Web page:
Sitting on my 1-2 record I drew the bye for the fourth and final round and decided to head home early (much to the delight of my wife).  This deck was a blast to play.  There are plenty of amazing interactions in the deck.  I will definitely practice with it and try to bring it out again.  One thing I noticed was that I wanted a way to put more pressure on my opponent, but only through more testing will I figure out what that should be (more Jace perhaps?).If you are looking for a deck to play, I would recommend this one, just make sure you have enough time to practice.

How to Successfully Prepare for a Magic Tournament

I wasn’t planning on writing another article so soon after the double-Worldwake prereleases over the previous weekend, but I received a twitter message from @thephoenix5 asking if I had a sort of “event checklist” to ensure that I didn’t forget anything when I went out to a tournament. While I consider most of this to be second-nature, I understand that forgetting something can ruin what would otherwise be a good day of Magic.

The first thing I’d like to address is the variety of events that are out there. I will pack differently for a prerelease than I would an FNM, which would still be different from how I would pack for a PTQ. However, there are some fundamental things that one should always bring to a tournament, regardless of type.

Zak’s Universal Magic Checklist
[ ] If the event is constructed, a deck, sleeved, with sideboard. If the event is limited, enough sleeves to sleeve a limited deck.
[ ] Extra sleeves. If a sleeve breaks or you end up playing a 41 card draft deck or something like that, it can’t hurt.
[ ] If the event is constructed, sideboarding notes. These have recently been allowed so that you may make your sideboard choices quickly and effectively.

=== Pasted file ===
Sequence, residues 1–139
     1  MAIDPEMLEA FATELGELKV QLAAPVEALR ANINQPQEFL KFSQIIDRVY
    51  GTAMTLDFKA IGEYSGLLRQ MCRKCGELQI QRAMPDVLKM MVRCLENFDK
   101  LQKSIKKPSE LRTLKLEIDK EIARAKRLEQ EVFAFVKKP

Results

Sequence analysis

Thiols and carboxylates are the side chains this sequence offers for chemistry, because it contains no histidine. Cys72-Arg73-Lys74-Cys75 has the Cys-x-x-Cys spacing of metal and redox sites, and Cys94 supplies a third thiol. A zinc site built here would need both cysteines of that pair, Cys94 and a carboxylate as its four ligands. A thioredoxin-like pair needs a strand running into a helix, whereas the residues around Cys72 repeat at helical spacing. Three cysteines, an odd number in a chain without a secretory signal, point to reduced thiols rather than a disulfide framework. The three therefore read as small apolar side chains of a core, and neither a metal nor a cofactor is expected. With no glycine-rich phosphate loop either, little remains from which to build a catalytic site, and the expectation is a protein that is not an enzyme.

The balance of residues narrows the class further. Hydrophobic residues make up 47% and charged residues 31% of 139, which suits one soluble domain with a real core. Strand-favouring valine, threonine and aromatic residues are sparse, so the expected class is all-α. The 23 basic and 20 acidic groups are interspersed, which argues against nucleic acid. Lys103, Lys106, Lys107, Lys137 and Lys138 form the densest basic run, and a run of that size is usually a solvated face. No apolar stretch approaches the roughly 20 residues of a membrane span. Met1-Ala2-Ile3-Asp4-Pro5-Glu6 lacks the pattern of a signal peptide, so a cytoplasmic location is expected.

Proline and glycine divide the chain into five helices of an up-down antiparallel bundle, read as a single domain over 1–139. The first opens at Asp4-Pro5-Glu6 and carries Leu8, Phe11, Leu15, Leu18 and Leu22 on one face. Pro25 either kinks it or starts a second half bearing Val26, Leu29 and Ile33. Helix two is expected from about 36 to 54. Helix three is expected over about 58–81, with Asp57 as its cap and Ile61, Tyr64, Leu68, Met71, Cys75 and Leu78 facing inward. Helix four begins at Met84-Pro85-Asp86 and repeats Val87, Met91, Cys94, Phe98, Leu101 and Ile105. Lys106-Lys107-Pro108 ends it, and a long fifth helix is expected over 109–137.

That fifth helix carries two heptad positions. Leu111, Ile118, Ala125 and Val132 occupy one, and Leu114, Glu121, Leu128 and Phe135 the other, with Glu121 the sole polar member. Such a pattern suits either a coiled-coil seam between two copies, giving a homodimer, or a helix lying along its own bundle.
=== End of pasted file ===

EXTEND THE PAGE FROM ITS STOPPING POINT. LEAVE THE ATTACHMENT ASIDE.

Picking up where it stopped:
[ ] Pen/Pencil/Paper. After getting into disputes over life totals when my opponent and I used dice or other life counting methods, I’ve decided to go the old fashioned way. Also makes a great place to take notes, say after resolving a Duress.
[ ] Dice/Beads. It is imperative that both players are aware of the number of counters on cards, and should your opponent forget, you’ll always be there with dice so as to avoid misrepresenting the game state.
[ ] If the deck you are playing calls for them, bring tokens. For limited events, I use a set of generic Power 9 Pro tokens that can act as whatever I want. If you need generic tokens, You can try erasing a basic land and drawing a little picture on it, which always makes for fun times. I dislike using beads/dice for tokens because they are easily overlooked, and cannot easily be seen as tapped/untapped.
[ ] Wallet. This is self explanatory. Have enough cash to cover event costs and other purchases you might make.
[ ] DCI number. If you don’t have it memorized, bring your card with you. It saves organizers tons of time if they don’t have to look up your number in the reporter software.

All of the above fits nicely into a Dragon’s Egg, which is now on sale at its lowest price yet.

However, there is one thing which I don’t auto-bring to ever tournament, and that is my binder of cards for trade. This is because a large binder is bulky and annoying to carry around, and I find that at my local shop, everyone has done all the trades they want, because we see each other so often. Thus bringing a trade binder to small, local tournaments is often fruitless. Of course, you could just fill deckboxes or other Dragon’s Egg compartments with traders, but I don’t like having other players rapidly flipping through my cards – the risk for damage is simply too great. On the other hand, if the tournament is larger such as a PTQ, Regionals, or even a local prerelease, I always bring the binder because there are more people with whom I have not traded with.

If you envision a big turnout at the tournament, it is prudent to have something to do between rounds. Personally, I like to bring a DC10 stack so that as many people can play without needing to bring their own decks. This is a great way to make friends and have fun during slow periods.

Unfortunately, the biggest tournaments also have a knack for attracting n’er-do-wells and thieves who would gladly take your $1000 trade binder off your hands. Thus, if the tournament is standard, I only bring a binder with standard cards, likewise for extended, etc. In short, don’t bring more stuff than you can reliably keep track of.